On timing, Sweden could be forgiven for cursing its luck.
Just as the country embarks on its EU presidency, the bloc is facing not only an economy-hammering war on its doorstep, but also increasingly blustery headwinds from a nascent trade war with Washington.
A liberal stance on trade and strong transatlantic ties are two core tenets of Sweden’s global outlook. But those priorities look set to be severely tested as the U.S. embarks on a massive program of state support for home-grown industry.
President Joe Biden responded to EU pleas in early December with a vague promise of special treatment, but it is unclear how far he will go to placate European allies. And with Brussels teeing up its own subsidy war chest, hopes of drawing a line under the brutal trade wars of the Donald Trump era are fading.
As the Swedes take up their six-month stint at the helm of the Council of the EU, billions of dollars in U.S. subsidies created by the Inflation Reduction Act will become available to American consumers for electric vehicles and other “Made in U.S.A.” green tech under legislation backed by President Joe Biden.
“The bomb is going to explode, but not until the Swedish presidency,” an EU diplomat said of the unfolding transatlantic trade dispute.
With EU protectionists spitting with rage at Washington’s move, the pressure to shield the bloc’s industries from the $369 billion package of state support may prove too strong for the Nordic free-traders to resist. France and Germany are already vowing to retaliate against Washington with their own set of government handouts.
Commission President Ursula von der Leyen, signaled earlier this month what many saw as a protectionist shift in EU trade policy. She argued that Europe would have to respond to what she called the “new assertive industrial policy” of competitors, adding that, “Europe will always do what is right for Europe.”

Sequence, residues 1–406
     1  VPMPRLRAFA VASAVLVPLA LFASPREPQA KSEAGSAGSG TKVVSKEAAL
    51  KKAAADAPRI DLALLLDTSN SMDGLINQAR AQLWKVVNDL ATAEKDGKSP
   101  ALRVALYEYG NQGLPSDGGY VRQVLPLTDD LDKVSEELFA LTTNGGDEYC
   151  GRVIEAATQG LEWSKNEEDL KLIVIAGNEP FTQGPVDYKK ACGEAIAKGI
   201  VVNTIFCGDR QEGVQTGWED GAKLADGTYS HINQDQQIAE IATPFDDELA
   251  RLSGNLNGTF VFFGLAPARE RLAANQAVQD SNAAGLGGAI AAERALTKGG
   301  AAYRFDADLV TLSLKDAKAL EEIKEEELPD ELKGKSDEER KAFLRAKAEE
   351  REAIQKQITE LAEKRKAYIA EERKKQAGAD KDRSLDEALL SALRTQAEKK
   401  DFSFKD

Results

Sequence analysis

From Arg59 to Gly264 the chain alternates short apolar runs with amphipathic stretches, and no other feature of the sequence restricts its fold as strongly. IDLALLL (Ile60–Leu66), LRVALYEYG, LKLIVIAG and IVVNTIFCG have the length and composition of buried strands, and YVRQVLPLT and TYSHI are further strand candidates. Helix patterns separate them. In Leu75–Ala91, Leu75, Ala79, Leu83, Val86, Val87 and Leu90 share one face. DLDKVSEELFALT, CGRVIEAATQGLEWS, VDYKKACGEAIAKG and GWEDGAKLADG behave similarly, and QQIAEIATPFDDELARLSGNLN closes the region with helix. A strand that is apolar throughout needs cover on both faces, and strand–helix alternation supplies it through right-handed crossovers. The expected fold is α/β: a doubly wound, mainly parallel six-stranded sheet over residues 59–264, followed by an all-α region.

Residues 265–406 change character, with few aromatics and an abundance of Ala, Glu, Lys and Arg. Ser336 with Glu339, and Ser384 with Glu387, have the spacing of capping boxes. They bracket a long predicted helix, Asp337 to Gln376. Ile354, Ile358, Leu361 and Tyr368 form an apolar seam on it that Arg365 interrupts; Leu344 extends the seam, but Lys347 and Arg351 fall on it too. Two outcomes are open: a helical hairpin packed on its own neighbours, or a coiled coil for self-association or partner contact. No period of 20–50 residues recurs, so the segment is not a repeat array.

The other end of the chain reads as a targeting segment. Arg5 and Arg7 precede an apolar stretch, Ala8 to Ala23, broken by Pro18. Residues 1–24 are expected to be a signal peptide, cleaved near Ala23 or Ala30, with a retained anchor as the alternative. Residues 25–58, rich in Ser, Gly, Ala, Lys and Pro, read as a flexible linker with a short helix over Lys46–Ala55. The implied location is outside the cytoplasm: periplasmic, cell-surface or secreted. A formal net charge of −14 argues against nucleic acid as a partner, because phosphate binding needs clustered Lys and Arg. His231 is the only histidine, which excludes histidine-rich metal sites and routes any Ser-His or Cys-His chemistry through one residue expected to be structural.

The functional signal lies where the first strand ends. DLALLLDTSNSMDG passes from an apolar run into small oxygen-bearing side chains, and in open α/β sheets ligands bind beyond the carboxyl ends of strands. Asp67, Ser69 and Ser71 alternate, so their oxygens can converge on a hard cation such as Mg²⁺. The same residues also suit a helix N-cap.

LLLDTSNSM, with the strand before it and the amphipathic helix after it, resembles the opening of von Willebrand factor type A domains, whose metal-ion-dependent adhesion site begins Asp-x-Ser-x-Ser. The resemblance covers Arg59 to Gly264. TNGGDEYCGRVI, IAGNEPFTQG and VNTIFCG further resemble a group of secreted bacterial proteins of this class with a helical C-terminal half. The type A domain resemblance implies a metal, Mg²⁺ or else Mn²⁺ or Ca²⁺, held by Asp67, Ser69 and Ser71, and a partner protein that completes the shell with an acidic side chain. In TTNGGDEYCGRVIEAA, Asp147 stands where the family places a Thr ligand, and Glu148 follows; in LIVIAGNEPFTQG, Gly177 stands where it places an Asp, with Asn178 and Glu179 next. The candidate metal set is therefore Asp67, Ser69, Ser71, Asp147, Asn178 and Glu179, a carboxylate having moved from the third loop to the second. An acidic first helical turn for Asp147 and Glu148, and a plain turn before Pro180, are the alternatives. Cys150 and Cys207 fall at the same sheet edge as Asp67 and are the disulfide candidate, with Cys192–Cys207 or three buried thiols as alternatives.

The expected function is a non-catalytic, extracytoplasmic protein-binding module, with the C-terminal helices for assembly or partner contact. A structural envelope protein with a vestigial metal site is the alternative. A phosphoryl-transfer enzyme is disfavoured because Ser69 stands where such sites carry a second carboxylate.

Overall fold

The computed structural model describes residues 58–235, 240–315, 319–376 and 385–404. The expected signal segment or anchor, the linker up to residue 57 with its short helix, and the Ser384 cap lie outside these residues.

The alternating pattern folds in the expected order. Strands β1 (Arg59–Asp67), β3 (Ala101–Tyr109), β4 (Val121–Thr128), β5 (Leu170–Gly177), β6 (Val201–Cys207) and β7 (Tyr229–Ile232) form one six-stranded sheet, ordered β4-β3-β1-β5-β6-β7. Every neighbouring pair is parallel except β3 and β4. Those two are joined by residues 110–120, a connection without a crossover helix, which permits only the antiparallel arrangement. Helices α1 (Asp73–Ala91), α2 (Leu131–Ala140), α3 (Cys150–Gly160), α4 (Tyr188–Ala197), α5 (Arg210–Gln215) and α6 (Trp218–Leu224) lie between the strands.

How the bloc responds will be an urgent question as the Swedes pick up the reins, but there will be differences of opinion among the 27 EU members, says former European Trade Commissioner Cecilia Malmström, who is now at the liberal PIIE think tank.
“The Swedish government — whatever the color — tends to be very keen to have a good transatlantic relationship. They will certainly try to use their influence,” she said.
“What it has to handle is, of course, the internal discussions — you know, ‘should the EU do the same thing? Should we strike back?’ There are lots of differences internally in the European Union. Not a majority [of] members [want] a big reciprocal act, I think.”
Sweden’s new Trade Minister Johan Forssell told POLITICO that the country will do “what we can to improve the relationships between the EU and the U.S.” He did, though, acknowledge at a recent meeting of EU trade ministers in Prague the concerns in European capitals that the Inflation Reduction Act is discriminatory, describing key elements of it as “worrying.”
With protectionism on the rise globally, Sweden’s love of free trade makes it something of a rarity.
Selling goods abroad proved a lifeline when Sweden was poor and it is now a source of great wealth for a country where 88 percent of GDP relies on foreign trade. “Sweden has a disproportionate amount of very international companies, which makes us historically pro-trade,” said a Swedish diplomat — those include major global brands like IKEA, Volvo and Ericsson.
And unlike in some European countries, support for free trade extends to both the left and right of the political spectrum. “Trade has not been controversial among different parties,” said Jonas Kasteng, a senior adviser to the Swedish National Board of Trade. “This is also the case for employer organizations and the trade unions — about 30 percent of all employment in Sweden is due to trade.”